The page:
The estimable David Hudson at Greencine Daily have been covering Venice so thoroughly we feel comfortable being lazy and not bothering at all. Still, worth a mention is the apparently dismal reception that greeted the premiere of Darren Aronofsky‘s "The Fountain." Wire reports have the film being booed, and both Variety and the Hollywood Reporter are withering in their respective summations. Leslie Felperin in Variety:
Greeted by booing at its first press unspooling, pic’s hippy trippy space odyssey-meets- contempo-weepy-meets- conquistador caper starring Hugh Jackman and Rachel Weisz suffers from a turgid script and bears all the signs of edit-suite triage to produce a still-incoherent 95 minutes.
Ray Bennett at the Hollywood Reporter:
It has big names in Hugh Jackman, Rachel Weisz and Ellen Burstyn; fantastical sets featuring Mayan warriors, the tree of life and a bubble space ship that travels amid the stars; and a frame of reference that draws from the story of Adam and Eve in the Garden of Eden. There’s a biblical puzzle that needs deciphering, so if Warner Bros. Pictures in the U.S. and 20th Century Fox internationally can somehow tie a "Da Vinci Code" reference into their marketing, they might snag a quick boxoffice return. Otherwise, "Zardoz" anyone?
Oof. At BBC News, a quote from Weisz, putting on a brave face and supporting her director fiance at the press conference: "I think it’s wonderful that this film is so different. I would love to work with Darren again."
We’ve been grouping "The Fountain" with "Southland Tales" in our mind for so long (hotly anticipated, overly ambitious-looking sci-fi film from hotshot boyling who insists on additional graphic novel side project) we sort of assumed it would tank, and feel oddly guilty now.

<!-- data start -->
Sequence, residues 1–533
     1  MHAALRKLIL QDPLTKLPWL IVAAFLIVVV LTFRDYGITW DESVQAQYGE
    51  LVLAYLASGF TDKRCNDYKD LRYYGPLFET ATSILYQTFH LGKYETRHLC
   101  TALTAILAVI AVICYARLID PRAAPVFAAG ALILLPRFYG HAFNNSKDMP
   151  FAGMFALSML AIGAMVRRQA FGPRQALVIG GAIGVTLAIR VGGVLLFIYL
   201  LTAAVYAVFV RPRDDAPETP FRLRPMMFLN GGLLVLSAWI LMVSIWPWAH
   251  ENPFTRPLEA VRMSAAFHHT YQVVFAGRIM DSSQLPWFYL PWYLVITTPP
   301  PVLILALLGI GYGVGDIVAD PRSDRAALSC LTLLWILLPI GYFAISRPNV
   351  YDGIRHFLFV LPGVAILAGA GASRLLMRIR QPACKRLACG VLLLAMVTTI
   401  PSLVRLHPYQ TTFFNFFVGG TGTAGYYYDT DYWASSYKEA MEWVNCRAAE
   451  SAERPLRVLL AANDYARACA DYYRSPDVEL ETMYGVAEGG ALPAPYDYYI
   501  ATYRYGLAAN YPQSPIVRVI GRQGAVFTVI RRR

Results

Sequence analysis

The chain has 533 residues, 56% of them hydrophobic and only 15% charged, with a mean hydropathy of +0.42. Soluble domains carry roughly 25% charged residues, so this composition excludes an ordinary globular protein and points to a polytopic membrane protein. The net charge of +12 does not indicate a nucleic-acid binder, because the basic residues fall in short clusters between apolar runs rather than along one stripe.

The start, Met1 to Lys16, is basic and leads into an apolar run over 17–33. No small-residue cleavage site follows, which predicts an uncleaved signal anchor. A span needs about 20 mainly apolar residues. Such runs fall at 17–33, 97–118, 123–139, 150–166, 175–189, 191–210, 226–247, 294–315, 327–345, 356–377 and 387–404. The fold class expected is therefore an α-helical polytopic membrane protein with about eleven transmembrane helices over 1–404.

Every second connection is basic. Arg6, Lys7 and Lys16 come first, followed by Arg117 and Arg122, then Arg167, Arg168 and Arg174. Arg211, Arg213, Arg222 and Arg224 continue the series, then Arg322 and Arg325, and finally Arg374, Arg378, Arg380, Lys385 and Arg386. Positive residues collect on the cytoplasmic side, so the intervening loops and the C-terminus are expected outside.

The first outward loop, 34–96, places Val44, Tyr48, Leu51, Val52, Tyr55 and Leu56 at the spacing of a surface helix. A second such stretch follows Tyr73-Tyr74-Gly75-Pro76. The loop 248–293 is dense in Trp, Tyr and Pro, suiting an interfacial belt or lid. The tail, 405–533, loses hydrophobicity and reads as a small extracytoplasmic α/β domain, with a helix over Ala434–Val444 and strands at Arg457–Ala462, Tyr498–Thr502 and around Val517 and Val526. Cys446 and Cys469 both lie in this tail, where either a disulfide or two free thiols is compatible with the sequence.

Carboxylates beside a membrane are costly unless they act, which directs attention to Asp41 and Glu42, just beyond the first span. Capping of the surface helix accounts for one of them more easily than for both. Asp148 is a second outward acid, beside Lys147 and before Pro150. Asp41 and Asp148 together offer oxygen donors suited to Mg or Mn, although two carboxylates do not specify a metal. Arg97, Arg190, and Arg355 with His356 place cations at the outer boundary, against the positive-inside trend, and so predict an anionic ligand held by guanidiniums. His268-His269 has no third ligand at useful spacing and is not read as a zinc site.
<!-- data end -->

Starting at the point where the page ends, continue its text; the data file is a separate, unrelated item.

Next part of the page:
Another anticipated (and perhaps overreaching) sci-fi follow-up, Mike Judge‘s "Idiocracy," opened to zero fanfare this Friday in a few scattered cities. The film follows "average American" Joe Bowers (Luke Wilson) 1,000 cryogenically enabled years into the future, where everyone’s become much dumber. What reviews there are (the film wasn’t screening for critics) have been mixed: Robert Abele at the LA Weekly suggests that "[i]f you crave a lively and funny trek through the farcical possibilities of unchecked dimwit power, Judge is still your guy. Just go rent Beavis and Butt-Head Do America instead." Joshua Rich at Entertainment Weekly is unimpressed (Or is he? Curse you, enigmatic blurb review!); Robert Koehler at Variety finds the film flawed but likable: "Judge is terrific on the movie’s big strokes, and its needling of how truly bad things can get when dumb folks have power, but his script and direction struggle with the details and individual scenes tend to fall considerably short of their comic potential." Carina Chocano at the LA Times is enthusiastic in her praise:
Judge has a gift for delivering brutal satire in the trappings of low comedy and for making heroes out of ordinary people whose humanity makes them suspect in a world where every inch of space, including mental, is mediated. The movie would be worth seeing for its skewering of the health system alone â€” in the future, hospitals will resemble a cross between a chain auto-diagnostic center and a Carl’s Jr., powered by Help Me technology â€” even if its opening thesis on the moment in history (roughly now) that evolution tipped into devolution weren’t so clear-eyed.
For reasons unfathomable, that line from "Demolition Man" about the "franchise wars" and all restaurants being Taco Bell in the future has lingered with us (if an earworm is a catchy song, it would follow that the thought is a brainworm, except that a brainworm is an actual parasite). So we were pleased to read the following (from Koehler’s Variety review): "Judge bravely bites the hand that feeds him — the Fox News Channel is this future world’s only news source." Hah! "Now all news is Fox News." God forbid.
+ The Fountain (Variety)
+ The Fountain (Hollywood Reporter)
+ Weisz ignores film festival boos (BBC News)
+ IDIOCRACY (LA Weekly)
+ Idiocracy (Entertainment Weekly)
+ Idiocracy (Variety)
+ ‘Idiocracy’ (LA Times)